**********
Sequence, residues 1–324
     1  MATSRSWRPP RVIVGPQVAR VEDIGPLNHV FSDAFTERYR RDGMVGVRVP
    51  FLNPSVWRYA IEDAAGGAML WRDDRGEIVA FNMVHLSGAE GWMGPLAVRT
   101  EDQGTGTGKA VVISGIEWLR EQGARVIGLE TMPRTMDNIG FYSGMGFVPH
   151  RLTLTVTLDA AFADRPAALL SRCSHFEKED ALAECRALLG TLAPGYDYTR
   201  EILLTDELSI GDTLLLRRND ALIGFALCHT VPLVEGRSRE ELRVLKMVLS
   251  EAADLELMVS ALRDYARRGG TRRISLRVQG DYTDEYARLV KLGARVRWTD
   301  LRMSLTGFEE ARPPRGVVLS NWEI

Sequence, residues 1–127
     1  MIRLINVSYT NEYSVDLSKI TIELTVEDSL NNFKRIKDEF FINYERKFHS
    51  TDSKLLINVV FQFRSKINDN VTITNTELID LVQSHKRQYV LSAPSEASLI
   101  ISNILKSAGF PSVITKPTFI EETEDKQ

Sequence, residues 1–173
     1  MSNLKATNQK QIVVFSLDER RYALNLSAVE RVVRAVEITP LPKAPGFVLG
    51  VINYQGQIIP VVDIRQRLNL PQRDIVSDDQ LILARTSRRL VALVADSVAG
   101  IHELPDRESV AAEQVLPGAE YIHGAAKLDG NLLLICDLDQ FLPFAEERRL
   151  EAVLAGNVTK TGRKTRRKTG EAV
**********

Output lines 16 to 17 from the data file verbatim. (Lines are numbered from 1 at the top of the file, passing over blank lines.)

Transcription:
   101  IHELPDRESV AAEQVLPGAE YIHGAAKLDG NLLLICDLDQ FLPFAEERRL
   151  EAVLAGNVTK TGRKTRRKTG EAV